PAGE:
Swedish food customs

I finally have a few project meetings set up for this week, so I’m excited for that. Tomorrow morning, I’m even going to a lecture at the University of Technology here! But in the meantime I thought it might be fun to talk about some Swedish food customs that I have noticed while being here.

First is the tradition of “fika,” something that I read about before arriving in Sweden. It means to have coffee as a break, often with some sweet on the side. As I am not employed in Sweden or going to school here, I haven’t experienced a daily fika ritual. However, everyone I meet talks about it and practices “fika breaks” to some degree, and I have been invited to have coffee a few times, sometimes with a sweet and sometimes not. One common fika accompaniment is the kanelbulle, the cinnamon roll, apparently invented by Sweden.

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Most kanelbullar (plural for cinnamon rolls) are not as big as your face – this is at a very special bakery in the Haga district of Göteborg!

Next – you will probably not read about this one – I have learned what constitutes a typical Swedish breakfast! Most Swedes I’ve met have the same breakfast every weekday: simple toast with butter and sliced cheese (usually a mild white cheese, sold in huge wedges at the supermarket). Even the word for breakfast, “frukost,” has the word cheese in it: “ost.” It’s quick, easy, and yummy, and yet no one in the US puts cheese on their morning toast. I suppose we’re all about the sweet jam back home.

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Sometimes, instead of regular bread, Swedes will use crispbread called “knacklebrot.” Most grocery stores have an aisle dedicated to different knacklebrot varieties. (Apologies for the internet stock photo – I didn’t think to photograph this myself!).

My favorite of the Swedish food traditions I’ve learned about is lösgodis, or lördag godis, “Saturday candy.” I have read about this custom, seen it in practice, and partaken in it myself! Every weekend, Swedish kids can go to a candy shop to fill a plastic or paper bag with their favorites from the assorted bulk candy. These pick-and-mix sweets, called “lösgodis” (literally ‘loose candy’), are hugely popular in Sweden.

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This is one of three rows of candies in one dedicated lösgodis store.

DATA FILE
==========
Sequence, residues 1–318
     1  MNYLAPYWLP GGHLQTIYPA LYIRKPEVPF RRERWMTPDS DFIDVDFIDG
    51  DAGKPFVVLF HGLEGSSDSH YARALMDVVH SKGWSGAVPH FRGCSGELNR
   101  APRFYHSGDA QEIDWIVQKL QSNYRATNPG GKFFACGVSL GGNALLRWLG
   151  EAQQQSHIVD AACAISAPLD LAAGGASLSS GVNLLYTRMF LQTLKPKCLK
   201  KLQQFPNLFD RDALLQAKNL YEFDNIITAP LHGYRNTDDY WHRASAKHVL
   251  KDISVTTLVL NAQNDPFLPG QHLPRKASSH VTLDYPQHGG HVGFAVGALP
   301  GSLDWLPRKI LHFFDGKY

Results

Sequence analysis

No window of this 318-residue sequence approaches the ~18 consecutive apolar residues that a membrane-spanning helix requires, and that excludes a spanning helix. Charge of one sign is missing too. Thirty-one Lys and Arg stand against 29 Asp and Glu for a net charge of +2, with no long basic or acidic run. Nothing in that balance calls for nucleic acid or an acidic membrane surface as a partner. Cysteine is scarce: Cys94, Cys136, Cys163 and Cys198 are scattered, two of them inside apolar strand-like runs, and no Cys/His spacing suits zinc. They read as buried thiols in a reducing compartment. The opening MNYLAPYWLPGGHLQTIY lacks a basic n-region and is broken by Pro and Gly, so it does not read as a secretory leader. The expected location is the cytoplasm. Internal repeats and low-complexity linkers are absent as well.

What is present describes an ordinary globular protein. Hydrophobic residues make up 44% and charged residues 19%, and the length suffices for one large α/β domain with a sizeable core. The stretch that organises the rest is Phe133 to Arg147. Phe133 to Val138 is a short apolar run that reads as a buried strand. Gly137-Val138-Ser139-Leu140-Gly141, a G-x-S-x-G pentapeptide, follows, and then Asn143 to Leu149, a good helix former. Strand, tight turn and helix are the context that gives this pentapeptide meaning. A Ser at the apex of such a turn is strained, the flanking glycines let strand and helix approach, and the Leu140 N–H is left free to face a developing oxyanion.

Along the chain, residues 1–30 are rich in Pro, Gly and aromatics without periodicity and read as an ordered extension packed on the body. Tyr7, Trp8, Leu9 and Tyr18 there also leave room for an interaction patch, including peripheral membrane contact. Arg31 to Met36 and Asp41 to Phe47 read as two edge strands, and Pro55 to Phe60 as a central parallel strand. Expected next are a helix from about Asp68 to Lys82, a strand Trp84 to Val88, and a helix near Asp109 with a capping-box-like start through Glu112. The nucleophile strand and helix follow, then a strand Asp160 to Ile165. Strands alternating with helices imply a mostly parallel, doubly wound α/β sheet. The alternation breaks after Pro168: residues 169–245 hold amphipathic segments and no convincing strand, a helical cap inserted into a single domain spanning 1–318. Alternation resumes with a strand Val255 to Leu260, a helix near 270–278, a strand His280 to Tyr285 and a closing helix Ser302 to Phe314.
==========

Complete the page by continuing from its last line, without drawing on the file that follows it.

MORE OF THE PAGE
There are entire shops dedicated to lösgodis, lined wall-to-wall with plastic bins of licorice, chocolates, individually wrapped truffles, gummy candies, and more. Most supermarkets have a lösgodis aisle. Even corner bodegas and some stores having nothing to do with food have a small selection of lösgodis! Of course, not everyone limits their consumption to Saturdays, but it is certainly considered a treat to get this weekend candy – no matter what age you are.

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Lisa and I got lösgodis over the weekend, and I chose mostly the chocolate varieties. She had more sour gummies and salty (yes, very salty) licorice pieces.

 

Another indulgence I’ve noticed in Sweden, and finally tried with Lisa last weekend, is kebab pizza. The ultimate student (or hangover) food, it is a pizza topped with sliced kebab meat, tomatoes, kebab sauce, and lettuce, a mash-up of two very satisfying foods. There are a bunch of food shops in Sweden that advertise both kebab and pizza, an offering that makes sense when you enter and realize that you can get the two-in-one combo. Also, the kebab pizza came with a side dish of what Lisa called “pizza salad!” It was similar to cole slaw, and we added it to the pizza as another topping. Apparently every pizza in Sweden comes with this pizza salad, which I find hilarious. (A simple Google search for “Swedish pizza salad” reveals that I am not the only foreigner to discover this mystery).

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Here is the kebab pizza, which does have meat and sauce under all those toppings, though not much pizza cheese. It was good, but I don’t think this would work in NYC, where we are all about the plain slice!

Otherwise, the grocery stores are pretty standard, with mostly the same items you can find in the US. Overall the food is pretty similar compared to home. So no, Swedish people do not eat meatballs with jam every day.

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